CAN YOU LIVE YOUR NAMASTE?

CAN YOU LIVE YOUR NAMASTE?

By Silvia Mordini

We must Namaste everyone!  My parents had my brother and I traveling from the time we were newborns to places all over the world. From that experience I learned that everyone is fundamentally alike.  Regardless of geography people all want the same things:  we want to be happy, loved and peaceful.

As a result, even before I knew yoga, I was trying my best to “Live my Namaste”.  

Now, as in then, this requires recognizing that all people deserve respect.  In effect if we are living our Namaste it means we are unlocking the love and respect in our hearts to include everyone. Isn’t the whole point of yoga to see not that which divides us but that which brings us together?

So what does Namaste mean? Well, “Nama” means bow, “as” means I, and “te” means you. Therefore, Namaste literally means “bow me you” or “I bow to you.”  It is a gesture of pure compassion and recognition: that we bow to the true self inside each one of us. To me Namaste is harmony, remembrance and respect.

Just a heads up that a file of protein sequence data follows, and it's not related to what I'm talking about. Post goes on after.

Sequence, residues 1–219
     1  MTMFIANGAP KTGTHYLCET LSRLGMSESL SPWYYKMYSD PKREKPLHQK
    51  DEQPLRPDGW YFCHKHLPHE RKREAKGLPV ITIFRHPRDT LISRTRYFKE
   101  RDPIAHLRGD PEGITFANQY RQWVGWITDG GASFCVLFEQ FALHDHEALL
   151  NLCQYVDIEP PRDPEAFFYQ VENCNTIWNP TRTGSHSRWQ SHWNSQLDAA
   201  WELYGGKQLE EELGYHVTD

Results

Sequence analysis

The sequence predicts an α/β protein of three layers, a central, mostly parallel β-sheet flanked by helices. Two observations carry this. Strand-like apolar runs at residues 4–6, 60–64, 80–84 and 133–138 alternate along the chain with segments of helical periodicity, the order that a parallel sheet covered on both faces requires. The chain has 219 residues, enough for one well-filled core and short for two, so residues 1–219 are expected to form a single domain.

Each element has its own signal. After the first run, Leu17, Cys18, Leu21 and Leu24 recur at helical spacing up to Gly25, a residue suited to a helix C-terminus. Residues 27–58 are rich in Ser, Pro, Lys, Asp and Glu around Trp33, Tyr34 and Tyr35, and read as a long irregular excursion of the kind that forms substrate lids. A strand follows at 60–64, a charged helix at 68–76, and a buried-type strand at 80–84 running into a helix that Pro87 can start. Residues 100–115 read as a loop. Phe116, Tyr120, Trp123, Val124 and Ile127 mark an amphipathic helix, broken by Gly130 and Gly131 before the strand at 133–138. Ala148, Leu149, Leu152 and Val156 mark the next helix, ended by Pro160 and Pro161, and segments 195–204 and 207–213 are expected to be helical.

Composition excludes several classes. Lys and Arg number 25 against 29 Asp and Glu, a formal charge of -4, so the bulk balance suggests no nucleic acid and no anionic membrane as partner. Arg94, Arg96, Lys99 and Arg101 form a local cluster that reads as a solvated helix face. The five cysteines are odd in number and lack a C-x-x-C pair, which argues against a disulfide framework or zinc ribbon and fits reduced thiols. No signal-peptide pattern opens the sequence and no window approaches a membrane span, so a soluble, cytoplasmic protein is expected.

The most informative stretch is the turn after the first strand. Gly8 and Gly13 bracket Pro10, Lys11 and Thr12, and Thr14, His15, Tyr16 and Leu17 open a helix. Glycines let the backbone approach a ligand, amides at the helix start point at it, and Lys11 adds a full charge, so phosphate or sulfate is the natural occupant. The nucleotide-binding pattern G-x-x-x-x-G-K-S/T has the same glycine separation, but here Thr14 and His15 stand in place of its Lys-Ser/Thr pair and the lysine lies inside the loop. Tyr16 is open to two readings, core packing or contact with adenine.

Namaste as a harmony:  It strikes the perfect chord.  Having grown up in a musical family and having played piano and clarinet for 13 years I have always felt music was a blessing of realizing harmony.  Yoga like being in a chorus or a band or any sort of tribe helps us to work together as a beautiful symphony.  We feel this symphony of the body when we practice poses (asanas).  And just like playing a musical instrument the more yoga you practice the more efficient you get.  Over time you feel the harmonies.  No single player more important but everyone is equally important. This is a nondualistic view of life where we acknowledge that everyone is valuable in their own way and we all contribute to make wonderful music.